Across the US, Low-wage workers take a stand

Car wash workers in the Bronx, New York and Walmart temporary workers in Chicago joined a growing list of low-wage workers who are standing up for their rights and respect on the job.

In the Bronx, workers at Webster Car Wash recently voted 23-5 to join the Retail, Wholesale, and Department Store Union (RWDSU). “The bosses will respect us better now and see us as people,” said Webster worker Francisco Lopez to the Daily News after  the results of the union vote were announced.

Webster is owned by John Lage, who owns more than 10 percent of the 200 car washes in New York City making his company the largest car wash operator in the city. Lage is currently being investigated by the New York attorney general for wage and hour violations. In 2009, he paid $3.4 million in back pay and damages to settle a federal wage and hour lawsuit.

“These brave workers fought back against their employer, like David slaying Goliath,” said Stuart Appelbaum, president of RWDSU. “Across the city, car wash workers are standing up, speaking out and demanding that they be treated with dignity and respect.  This is a building movement.”

In Illinois, temporary workers at Walmart stores in the Chicago area filed a class action lawsuit charging Walmart and two of its temporary staffing contractors, Labor Ready and QPS, with violating federal minimum wage and overtime laws.

The suit alleges that the defendants required temporary workers at Walmart stores to report early for work, work through breaks and lunches, stay late to finish work, and attend training sessions all without getting paid for their extra work.

“I only get paid minimum wage and yet Labor Ready and Walmart still try to cheat me by not paying me for the times I actually work,” said Twanda Burk, the primary plaintiff in the suit. “I’ve proven that I’m a good worker, and they just want to take advantage of me.”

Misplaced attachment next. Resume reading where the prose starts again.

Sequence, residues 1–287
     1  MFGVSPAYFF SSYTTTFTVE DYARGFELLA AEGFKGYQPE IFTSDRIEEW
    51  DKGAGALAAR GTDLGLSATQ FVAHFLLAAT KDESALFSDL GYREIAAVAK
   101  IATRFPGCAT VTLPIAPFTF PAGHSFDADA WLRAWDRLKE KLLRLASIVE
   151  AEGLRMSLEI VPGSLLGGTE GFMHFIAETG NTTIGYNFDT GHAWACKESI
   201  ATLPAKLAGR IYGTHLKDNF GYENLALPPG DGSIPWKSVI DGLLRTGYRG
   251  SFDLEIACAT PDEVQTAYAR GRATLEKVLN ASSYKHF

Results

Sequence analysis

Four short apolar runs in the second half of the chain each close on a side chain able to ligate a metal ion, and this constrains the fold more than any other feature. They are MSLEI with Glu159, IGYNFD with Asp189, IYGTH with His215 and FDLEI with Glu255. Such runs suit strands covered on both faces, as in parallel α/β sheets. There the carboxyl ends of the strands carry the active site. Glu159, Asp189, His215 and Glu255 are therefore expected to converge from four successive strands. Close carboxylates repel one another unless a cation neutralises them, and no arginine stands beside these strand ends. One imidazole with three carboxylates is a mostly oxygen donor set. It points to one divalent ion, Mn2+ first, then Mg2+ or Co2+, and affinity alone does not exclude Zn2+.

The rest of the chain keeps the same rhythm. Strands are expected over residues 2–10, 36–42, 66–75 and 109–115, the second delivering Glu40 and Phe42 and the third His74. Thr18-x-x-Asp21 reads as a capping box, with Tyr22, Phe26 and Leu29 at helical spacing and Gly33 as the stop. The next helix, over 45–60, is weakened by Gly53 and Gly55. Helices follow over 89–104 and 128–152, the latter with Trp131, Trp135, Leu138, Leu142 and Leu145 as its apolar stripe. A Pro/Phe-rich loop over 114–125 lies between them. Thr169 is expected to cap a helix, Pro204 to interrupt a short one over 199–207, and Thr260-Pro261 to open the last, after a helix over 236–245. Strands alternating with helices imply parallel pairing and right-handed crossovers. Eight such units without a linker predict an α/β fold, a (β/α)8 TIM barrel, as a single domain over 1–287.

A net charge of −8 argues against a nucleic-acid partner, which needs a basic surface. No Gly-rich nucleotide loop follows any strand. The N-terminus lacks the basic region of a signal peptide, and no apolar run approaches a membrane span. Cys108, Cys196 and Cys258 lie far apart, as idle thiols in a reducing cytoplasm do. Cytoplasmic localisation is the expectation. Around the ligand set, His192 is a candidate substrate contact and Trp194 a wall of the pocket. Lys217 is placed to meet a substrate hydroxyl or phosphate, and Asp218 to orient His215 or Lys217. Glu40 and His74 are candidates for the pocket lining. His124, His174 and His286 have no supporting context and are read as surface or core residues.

The suit also charges Walmart with failing to keep accurate pay records as required by federal and state law and for not paying temporary workers for the minimum number of hours required by state law when the workers are called to work but then sent home early.

When Walmart expanded in the Chicago area, it sought community support by promising to create thousands of jobs for residents in low-wage neighborhoods that paid at least $8.75 per hour. But Walmart has relied heavily on temporary workers paid only the minimum wage.

“By outsourcing these jobs, the company is taking advantage of Chicago residents in neighborhoods that had hoped Walmart would provide real employment opportunities, not the dead-end jobs that keep residents in a cycle of poverty,” said Elce Redmond, executive director of the South Austin Community Coalition, a Chicago low-income neighborhood organization.

The Walmart workers and the Bronx car wash workers joined other low-wage workers around the US organizing for better conditions on the job or taking class legal action to enforce existing laws that are supposed to protect workers.

At the ports of Seattle and Los Angeles, short-haul truck drivers have organized and taken collective actions for better pay and safer working conditions.

In Louisiana, workers at a seafood factory owned by a Walmart contractor walked off the job to protest slave-like conditions.

In Milwaukee, workers at Palermo’s Pizza factory went on strike to protest low pay and unsafe working conditions and have since organized a boycott of Palermo’s Pizza products.

In Houston, janitors who are members of SEIU Local 1 went on strike for a decent pay raise after the multi-national cleaning corporations for whom they work offered only a $0.10 per hour raise.

In Austin, Texas,  construction workers have organized large demonstrations at City Council meetings to demand that companies seeking city incentives and tax breaks agree to negotiate agreements that ensure that workers on the companies’ construction projects are paid a decent wage, work under safe conditions, and have training opportunities that make advancement on the job possible.

Workers at Darden restaurants such as the Olive Garden in cities like Chicago, Miami, and Washington DC have filed a class action lawsuit charging the nationwide restaurant chain with wage theft.

The idea that individual effort can lead to a better life has lost its lustre for many low-wage workers living in a high-priced economy.

At least a few of them have learned the lessons of the 1930s when collective efforts by low-wage workers in the country’s factories, mines, and transportation services over a period of time turned low-wage jobs into jobs with decent pay, benefits, and dignity.